Выбор редакции

Impacts of State Reopening Policy on Human Mobility -- by Thuy D. Nguyen, Sumedha Gupta, Martin Andersen, Ana Bento, Kosali I. Simon, Coady Wing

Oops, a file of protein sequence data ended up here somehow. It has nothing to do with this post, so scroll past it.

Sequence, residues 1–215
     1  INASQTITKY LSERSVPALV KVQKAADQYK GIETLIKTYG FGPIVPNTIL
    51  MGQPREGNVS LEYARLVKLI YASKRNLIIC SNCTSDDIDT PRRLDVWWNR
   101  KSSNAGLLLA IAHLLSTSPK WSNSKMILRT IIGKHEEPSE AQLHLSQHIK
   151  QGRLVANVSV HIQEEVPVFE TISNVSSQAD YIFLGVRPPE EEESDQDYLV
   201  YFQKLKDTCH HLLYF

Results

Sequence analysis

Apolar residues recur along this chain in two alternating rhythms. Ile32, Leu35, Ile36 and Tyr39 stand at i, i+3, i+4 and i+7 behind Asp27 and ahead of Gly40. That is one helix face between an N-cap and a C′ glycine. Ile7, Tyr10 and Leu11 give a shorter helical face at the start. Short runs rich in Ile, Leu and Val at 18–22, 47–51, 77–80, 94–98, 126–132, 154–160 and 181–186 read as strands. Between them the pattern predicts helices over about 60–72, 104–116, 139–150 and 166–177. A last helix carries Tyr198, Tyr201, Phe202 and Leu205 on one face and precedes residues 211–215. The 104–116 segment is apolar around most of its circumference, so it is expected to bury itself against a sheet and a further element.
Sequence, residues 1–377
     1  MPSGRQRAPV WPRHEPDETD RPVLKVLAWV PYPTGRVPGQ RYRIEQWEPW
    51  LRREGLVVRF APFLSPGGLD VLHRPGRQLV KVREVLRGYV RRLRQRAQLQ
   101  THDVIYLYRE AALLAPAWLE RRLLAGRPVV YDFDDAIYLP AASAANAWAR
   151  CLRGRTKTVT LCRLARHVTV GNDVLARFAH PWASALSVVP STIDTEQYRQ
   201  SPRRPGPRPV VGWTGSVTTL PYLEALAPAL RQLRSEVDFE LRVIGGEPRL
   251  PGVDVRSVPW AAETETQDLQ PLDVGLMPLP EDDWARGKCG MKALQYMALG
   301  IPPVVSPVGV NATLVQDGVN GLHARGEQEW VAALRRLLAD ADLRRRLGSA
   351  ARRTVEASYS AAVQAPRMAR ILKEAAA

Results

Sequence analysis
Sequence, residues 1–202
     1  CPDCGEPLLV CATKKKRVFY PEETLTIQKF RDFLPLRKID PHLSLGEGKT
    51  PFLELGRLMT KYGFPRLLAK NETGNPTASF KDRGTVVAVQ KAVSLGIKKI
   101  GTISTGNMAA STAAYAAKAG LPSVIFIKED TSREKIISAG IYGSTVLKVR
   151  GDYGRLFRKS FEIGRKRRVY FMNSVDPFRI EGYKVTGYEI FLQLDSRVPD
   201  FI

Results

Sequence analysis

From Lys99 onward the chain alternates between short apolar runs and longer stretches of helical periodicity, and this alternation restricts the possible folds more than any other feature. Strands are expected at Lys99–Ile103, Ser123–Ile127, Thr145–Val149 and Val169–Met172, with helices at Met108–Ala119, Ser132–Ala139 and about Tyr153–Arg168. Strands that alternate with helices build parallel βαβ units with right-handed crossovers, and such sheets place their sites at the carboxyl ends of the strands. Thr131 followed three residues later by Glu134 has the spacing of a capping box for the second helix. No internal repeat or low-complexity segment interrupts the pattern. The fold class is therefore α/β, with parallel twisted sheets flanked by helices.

We study the effect of state reopening policies on multiple measures of human mobility and interaction during the COVID-19 epidemic. We document the timing and gradualness of the reopening plans that are occurring in different states, and we use data on multiple measures based on cell device signals to assess behavior during the reopening phase. Our empirical analysis suggests four main results. First, we document that after a substantial decline during the lock down period, there as been a clear increase in mobility levels in most states since mid-April. The resurgence of mobility is small relative to the decline since mid-March, but it is observable across a broad range of different cell device based metrics. Second, the size of the increase in mobility across counties is strongly associated with temperature and precipitation patterns. Third, event study analysis finds that by four days after reopening, the causal effect of policy on most measures of mobility is an increase of about 4% to 8%. Demonstrating the importance of using multiple measures of human mobility, the full range of point estimates spans 1% to 22%, without substantial pre-trend concerns. For example, there are larger effects on the variety of venues people visit than on the fraction leaving their homes. Fourth, the largest increase in mobility from reopening seems to occur in states that were late adopters of closure measures, suggesting that closure policies may have represented more of a binding constraint in those states.
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